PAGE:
The principle of reopening for “good cause” does not permit an attempt to simply relitigate the original award. A petition to reopen may not be used to litigate issues which should have been raised by a timely petition for reconsideration. (See Young v. Ind. Acc. Com. (1944) 63 Cal.App.2d 286, 146 P.2d 693; Royster v. Workmen's Comp. Appeals Bd. (1974) 40 Cal.App.3d 412, 115 Cal.Rptr. 210.) “Good cause” to reopen does not consist of medical evidence obtained subsequent to the original decision which merely disagrees with the medical opinion relied upon by the Board at the time of the original decision. (See Consolidated Western Steel Div. v. Industrial Acc. Com. (1962) 205 Cal.App.2d 275, 277-278, 23 Cal.Rptr. 147; Clark v. WCAB (1980) 45 Cal.Comp. Cases 499.)
“Grounds commonly urged as ‘good cause’ for reopening . . . are (1) mistake of fact, occasioned by failure or inability to produce certain evidence at a prior hearing; (2) mistake of law disclosed by subsequent appellate court ruling on the same point in another case; (3) inadvertence, as when the Appeals Board issues a decision under the mistaken impression that its Medical Bureau had made an adverse report in the case; (4) newly discovered evidence which is more than merely cumulative; and (5) fraud, such as may be perpetuated through perjury and false statements. The mere fact that the Appeals Board itself has changed its mind as to the same facts is not good cause for revision of a decision. The ground most frequently urged as good cause is mistake of fact, reopening being sought on the basis of evidence alleged to be material and newly discovered since the prior hearing.” (1 Hanna, op. cit. supra, s 9.02(2)(a), pp. 9-14.) (Italics in original.)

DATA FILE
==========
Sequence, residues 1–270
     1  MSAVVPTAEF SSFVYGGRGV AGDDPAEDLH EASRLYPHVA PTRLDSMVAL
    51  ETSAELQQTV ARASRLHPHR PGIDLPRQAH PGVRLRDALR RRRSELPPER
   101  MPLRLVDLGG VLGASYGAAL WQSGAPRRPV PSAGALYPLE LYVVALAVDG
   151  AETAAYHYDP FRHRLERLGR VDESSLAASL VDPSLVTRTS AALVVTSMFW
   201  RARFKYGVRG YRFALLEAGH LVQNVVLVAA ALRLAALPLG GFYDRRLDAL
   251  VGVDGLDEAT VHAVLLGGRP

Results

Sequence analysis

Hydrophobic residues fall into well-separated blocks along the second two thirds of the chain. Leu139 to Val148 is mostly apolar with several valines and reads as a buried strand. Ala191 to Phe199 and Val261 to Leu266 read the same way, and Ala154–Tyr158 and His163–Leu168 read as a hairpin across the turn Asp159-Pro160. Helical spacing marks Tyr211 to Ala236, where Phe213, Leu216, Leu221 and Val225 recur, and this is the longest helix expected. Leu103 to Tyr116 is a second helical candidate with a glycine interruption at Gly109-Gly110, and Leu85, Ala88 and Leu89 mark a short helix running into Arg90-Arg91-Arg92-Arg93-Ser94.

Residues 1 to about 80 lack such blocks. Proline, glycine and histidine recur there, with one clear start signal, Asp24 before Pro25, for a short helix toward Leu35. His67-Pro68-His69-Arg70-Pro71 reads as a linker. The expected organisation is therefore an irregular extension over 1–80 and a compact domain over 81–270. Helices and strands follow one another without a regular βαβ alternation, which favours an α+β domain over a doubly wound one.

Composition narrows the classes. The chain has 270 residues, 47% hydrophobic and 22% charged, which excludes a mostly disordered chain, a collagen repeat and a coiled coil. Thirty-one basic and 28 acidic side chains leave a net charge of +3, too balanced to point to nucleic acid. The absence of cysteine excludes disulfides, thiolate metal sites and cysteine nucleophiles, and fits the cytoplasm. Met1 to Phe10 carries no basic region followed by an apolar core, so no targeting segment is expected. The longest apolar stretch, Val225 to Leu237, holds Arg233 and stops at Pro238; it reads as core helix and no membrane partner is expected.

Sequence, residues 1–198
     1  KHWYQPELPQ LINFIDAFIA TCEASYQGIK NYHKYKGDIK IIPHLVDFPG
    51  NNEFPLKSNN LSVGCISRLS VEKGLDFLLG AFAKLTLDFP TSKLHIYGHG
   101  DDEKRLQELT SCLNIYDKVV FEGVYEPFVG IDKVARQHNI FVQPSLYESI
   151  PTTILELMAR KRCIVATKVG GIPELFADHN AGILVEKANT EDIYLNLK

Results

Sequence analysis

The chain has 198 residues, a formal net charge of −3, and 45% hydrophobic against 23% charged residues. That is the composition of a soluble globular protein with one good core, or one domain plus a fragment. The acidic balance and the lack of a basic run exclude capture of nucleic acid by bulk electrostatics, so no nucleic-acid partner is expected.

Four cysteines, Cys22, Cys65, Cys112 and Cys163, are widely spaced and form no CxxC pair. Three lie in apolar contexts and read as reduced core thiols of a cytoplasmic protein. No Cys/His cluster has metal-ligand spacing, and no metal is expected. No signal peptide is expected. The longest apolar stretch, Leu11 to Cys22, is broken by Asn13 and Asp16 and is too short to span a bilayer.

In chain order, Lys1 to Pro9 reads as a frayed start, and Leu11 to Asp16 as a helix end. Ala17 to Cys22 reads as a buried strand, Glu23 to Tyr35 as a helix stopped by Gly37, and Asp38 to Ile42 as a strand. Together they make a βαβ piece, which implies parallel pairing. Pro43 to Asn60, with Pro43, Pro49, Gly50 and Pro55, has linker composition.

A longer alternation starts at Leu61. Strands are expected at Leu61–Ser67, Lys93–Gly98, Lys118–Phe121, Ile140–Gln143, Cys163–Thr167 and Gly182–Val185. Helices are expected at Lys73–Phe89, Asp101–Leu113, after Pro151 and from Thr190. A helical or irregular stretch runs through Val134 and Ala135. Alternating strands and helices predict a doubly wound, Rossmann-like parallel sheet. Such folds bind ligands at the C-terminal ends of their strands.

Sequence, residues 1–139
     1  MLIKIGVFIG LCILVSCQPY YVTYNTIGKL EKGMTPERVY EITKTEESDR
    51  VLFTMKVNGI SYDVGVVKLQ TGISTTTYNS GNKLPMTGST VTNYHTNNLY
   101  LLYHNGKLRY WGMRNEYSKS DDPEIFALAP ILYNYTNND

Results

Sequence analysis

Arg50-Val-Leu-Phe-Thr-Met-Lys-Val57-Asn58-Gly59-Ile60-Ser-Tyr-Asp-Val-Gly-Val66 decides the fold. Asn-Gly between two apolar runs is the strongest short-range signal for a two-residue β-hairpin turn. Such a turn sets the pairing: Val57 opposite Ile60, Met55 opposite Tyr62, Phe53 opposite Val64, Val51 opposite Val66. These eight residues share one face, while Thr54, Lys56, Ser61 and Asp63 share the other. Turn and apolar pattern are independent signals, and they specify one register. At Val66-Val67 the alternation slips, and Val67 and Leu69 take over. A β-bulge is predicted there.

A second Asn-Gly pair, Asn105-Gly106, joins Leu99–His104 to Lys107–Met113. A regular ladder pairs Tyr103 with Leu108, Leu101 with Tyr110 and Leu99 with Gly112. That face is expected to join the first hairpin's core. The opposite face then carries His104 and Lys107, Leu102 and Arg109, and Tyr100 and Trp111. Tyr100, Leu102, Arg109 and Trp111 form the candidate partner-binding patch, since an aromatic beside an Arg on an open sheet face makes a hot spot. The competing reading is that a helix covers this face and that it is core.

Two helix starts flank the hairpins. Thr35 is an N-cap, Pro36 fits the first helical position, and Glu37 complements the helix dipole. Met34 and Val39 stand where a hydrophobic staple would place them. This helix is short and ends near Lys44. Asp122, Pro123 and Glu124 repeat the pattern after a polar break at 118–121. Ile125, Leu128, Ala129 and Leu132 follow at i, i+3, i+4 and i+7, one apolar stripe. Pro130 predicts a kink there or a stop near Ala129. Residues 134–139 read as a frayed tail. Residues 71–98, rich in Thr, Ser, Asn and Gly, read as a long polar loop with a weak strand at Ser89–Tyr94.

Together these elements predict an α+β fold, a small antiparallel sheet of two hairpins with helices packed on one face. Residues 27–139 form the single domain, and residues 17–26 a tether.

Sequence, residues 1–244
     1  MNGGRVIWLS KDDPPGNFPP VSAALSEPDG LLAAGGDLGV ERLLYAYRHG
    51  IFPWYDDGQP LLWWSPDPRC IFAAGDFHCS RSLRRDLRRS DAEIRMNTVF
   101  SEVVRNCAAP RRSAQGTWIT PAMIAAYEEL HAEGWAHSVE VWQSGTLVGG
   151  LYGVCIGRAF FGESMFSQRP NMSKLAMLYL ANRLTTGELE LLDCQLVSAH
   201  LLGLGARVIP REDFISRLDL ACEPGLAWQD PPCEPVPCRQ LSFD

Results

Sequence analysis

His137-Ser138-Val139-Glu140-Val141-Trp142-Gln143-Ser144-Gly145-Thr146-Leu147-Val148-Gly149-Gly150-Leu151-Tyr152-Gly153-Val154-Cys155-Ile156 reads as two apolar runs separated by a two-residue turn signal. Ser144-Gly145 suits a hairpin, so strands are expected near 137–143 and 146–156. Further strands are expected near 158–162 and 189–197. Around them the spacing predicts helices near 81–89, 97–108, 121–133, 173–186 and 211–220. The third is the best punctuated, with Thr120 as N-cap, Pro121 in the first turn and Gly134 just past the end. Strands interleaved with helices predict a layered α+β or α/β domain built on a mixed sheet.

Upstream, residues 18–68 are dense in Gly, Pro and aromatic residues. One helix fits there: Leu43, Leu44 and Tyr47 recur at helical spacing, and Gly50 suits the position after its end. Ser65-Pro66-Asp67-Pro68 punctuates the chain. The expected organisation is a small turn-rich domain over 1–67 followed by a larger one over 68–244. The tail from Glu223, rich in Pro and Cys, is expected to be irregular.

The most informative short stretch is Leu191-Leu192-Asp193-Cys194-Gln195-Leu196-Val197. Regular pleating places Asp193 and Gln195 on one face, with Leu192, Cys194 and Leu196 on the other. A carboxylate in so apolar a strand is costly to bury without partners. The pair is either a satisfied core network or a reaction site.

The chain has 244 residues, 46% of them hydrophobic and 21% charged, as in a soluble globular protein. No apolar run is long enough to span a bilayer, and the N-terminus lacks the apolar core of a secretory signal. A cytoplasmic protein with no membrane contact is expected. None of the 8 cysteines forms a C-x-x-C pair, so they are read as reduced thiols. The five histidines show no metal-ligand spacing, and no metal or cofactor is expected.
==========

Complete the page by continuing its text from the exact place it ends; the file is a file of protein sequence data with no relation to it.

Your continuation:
“Through many court decisions it has become well settled that, in order to constitute ‘good cause’ for reopening, new evidence (a) must present some good ground, not previously known to the Appeals Board, which renders the original award inequitable, (b) must be more than merely cumulative or a restatement of the original evidence or contentions, and (c) must be accompanied by a showing that such evidence could not with reasonable diligence have been discovered and produced at the original hearing.” (1 Hanna, supra, s 9.02(2)(d); see Merritt-Chapman & Scott Corp. v. Indus. A. C. (1936) 6 Cal.2d 314, 57 P.2d 501; Clendaniel v. Ind. Acc. Com. (1941) 17 Cal.2d 659, 111 P.2d 314.) Reopening upon the claim of newly discovered evidence is not a matter of right. (Clendaniel, supra, 17 Cal.2d at p. 661, 111 P.2d 314.) “(The Board's) power to re-open the case in the exercise of its continuing jurisdiction, ‘invoked on the ground of newly discovered evidence, should be exercised with great caution and when fraud, inadvertence, mistake or excusable neglect are clearly shown. Otherwise, the process of introducing evidence before the (Board) would be interminable and the (Board) might be held to abuse its discretion in the exercise of its power. . . .’ ” (Clendaniel, supra, 17 Cal.2d at p. 663, 111 P.2d at p. 318.)